Man, it must have been… two years ago? Three? On another blog, in another lifetime I wrote about a trailer that was made, an experimental trailer for a movie called The Mutant Chronicles. The experimental part was that the director, Simon Hunter, really, really wanted to make the film but needed to prove that he could make an atmospheric, effects-driven futuristic zombie/mutant film on a small budget.

And here they actually made it! Impressive, if not exactly as interesting-looking as the original trailer was (the original had no storyline and was therefore sort of dreamy and grim – sometimes story ruins everything). Still: Ron Perlman! Sean Pertwee whom you may not remember from such movies as Dog Soldiers, Equilibrium and Doomsday!

Of course, it takes about one second for someone to watch it and go “LAAAAME WHY ARE THEY WEARING WWII GEAR?!!!1!?” but I have to say: it’s a beautiful looking film. Women swinging swords around, that’s always good. Rag-tagness ahoy. Fuck, I’ll go see it.

2 Posted in Movies

Two Movies I Foolishly Liked As a Child

Posted by Sunday on Jan 26, 2009 at 1:48 pm

  Howard the Duck (1986)


Two words: George.  Lucas.

Oh, how I recall laughing at this clever, irreverent masterpiece, which just goes to show how mentally retarded children are.  Rewatching it I found I couldn’t even muster the kind of nostalgic embarrassment I generally reserve for pop-culturey 80s movies.  The dialog has a kind of leaden, rote humor; the eponymous Howard T. Duck is not so much sarcastic as stating facts, the jokes are pun-heavy and the few good ones are a matter of delivery and not writing (as all good jokes are).  The potentially entertaining line between humans interacting with Howard (talking to him) and reacting to him (screaming, dropping groceries) is too distracting – not to mention that Leah Thompson in her underpants “joking” about making out with Howard while actually making out with Howard induces a revulsion I still can’t genuinely describe as “funny”.  There are enough uninspired one-liners in this movie to warrant a Will Smith remake.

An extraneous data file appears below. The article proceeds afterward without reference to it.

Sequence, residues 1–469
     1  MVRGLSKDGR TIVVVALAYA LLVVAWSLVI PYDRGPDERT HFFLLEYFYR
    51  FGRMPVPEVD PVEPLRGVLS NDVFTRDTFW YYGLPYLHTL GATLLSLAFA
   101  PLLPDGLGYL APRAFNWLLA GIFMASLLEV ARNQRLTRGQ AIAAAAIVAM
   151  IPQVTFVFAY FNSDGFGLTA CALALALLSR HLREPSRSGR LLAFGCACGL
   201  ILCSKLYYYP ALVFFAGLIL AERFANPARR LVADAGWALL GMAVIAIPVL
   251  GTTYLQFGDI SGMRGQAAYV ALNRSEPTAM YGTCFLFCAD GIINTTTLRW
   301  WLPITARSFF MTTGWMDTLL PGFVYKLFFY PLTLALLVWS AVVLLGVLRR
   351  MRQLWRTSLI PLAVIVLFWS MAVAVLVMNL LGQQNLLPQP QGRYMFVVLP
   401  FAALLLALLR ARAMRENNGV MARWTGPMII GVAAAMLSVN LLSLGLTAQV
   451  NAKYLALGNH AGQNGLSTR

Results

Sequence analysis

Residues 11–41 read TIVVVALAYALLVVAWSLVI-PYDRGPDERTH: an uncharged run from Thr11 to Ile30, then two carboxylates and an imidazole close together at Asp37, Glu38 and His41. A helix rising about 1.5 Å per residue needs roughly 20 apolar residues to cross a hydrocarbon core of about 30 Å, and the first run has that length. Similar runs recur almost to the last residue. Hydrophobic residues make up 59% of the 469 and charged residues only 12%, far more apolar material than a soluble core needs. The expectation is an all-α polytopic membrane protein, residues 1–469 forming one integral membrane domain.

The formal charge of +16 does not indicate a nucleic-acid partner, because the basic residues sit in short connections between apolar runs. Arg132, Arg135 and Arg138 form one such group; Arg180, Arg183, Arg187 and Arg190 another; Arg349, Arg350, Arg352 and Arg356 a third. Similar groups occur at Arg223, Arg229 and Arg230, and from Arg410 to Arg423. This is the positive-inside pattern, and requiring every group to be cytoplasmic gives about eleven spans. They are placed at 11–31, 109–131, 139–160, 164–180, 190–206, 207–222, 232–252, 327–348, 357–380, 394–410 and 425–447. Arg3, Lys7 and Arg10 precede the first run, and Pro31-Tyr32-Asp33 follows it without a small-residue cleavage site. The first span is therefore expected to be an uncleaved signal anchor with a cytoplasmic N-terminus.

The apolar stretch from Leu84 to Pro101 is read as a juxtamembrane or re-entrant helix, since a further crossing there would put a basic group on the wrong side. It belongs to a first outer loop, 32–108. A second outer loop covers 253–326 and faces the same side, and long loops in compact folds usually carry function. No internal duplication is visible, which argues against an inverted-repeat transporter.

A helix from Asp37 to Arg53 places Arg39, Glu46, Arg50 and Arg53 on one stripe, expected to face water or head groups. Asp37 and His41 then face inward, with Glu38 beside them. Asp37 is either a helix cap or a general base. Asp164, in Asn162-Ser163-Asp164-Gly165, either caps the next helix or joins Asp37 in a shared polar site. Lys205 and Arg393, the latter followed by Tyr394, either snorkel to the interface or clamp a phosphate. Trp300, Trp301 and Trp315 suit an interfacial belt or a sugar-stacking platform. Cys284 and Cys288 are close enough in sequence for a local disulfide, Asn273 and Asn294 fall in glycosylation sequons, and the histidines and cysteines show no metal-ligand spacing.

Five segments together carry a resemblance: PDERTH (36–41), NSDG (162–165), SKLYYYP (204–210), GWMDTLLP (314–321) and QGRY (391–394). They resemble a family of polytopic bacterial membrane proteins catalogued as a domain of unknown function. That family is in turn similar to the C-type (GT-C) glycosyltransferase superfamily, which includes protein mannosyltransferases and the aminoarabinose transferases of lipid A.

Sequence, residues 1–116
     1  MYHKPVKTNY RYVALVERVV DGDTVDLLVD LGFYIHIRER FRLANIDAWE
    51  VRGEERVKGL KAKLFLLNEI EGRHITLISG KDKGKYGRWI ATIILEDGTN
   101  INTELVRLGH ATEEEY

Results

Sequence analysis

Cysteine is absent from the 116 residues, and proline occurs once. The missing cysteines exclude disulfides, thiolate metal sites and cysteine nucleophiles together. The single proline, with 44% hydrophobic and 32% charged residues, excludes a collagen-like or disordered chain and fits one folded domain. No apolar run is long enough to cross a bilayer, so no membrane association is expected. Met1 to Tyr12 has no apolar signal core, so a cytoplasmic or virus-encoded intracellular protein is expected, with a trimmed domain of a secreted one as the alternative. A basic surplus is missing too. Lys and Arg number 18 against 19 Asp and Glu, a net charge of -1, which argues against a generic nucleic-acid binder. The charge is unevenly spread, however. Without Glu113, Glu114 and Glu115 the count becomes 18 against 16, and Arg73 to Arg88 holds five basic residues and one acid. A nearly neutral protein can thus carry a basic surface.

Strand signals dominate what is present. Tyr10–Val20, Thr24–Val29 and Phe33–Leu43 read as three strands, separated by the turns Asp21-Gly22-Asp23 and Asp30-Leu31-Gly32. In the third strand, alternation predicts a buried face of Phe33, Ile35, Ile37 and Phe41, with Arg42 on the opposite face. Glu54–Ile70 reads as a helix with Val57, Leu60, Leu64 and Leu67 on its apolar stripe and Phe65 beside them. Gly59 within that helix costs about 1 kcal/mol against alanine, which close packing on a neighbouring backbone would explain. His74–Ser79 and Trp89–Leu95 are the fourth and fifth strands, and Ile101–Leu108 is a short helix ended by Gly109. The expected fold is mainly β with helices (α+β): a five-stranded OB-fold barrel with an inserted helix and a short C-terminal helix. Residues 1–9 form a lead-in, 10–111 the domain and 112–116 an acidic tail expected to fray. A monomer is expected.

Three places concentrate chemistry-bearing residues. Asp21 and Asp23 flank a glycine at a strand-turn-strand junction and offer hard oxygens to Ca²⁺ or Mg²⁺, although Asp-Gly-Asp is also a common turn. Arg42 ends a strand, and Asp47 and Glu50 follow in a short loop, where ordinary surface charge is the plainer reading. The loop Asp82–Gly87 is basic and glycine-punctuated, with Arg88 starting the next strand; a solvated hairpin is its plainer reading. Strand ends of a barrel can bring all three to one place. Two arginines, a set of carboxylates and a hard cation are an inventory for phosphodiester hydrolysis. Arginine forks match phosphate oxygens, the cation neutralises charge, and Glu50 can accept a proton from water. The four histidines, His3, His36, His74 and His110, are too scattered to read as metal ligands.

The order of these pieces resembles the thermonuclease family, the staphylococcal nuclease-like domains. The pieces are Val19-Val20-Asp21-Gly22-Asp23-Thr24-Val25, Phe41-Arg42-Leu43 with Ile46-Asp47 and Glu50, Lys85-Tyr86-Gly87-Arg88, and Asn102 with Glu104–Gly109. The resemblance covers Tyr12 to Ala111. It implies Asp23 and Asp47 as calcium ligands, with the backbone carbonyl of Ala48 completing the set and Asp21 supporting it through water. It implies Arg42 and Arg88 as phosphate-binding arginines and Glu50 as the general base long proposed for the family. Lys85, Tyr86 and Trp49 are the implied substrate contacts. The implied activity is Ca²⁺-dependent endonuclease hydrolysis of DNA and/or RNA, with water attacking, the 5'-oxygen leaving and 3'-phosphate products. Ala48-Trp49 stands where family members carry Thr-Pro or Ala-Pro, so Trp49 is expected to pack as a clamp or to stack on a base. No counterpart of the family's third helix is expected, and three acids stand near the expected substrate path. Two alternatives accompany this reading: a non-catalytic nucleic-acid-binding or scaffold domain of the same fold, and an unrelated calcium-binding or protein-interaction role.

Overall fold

The Water Babies (1978)


Dear god, what the fuck is that supposed to be?

Such clear memories of singing along, wanting to be a chimney sweep waif, wanting to dive into a river and find the Water Babies.  Joke’s on me, though: the animation of this film is terrible even beyond late 70′s standards and the storyline draaaags on for an eternity.  Did I really have a longer attention span when I was 5?  There’s no other explanation.  To make matters worse, the original story and Jessie Willcox Smith illustrations are gorgeous works of art in their own right:


It sounds harsh, but the movie just doesn’t have anything going for it at all.  I thought I’d at least still enjoy the music, but the sound of cocky stage children singing along with the stilted, Korean-slave-labor animation is enough to give me a seizure.

1 Posted in Movies

Hey, You Got Your Sackboy In My Apocalypse Animation

Posted by Sunday on Jan 12, 2009 at 9:21 pm

This is the first I’ve heard of it, but I came across a trailer for a Tim Burton, how The Matrix should have been, LittleBigPlanet mashup:

Yes? No?

1 Posted in Movies

Neither Here Nor There

Posted by Sunday on Dec 5, 2008 at 5:03 pm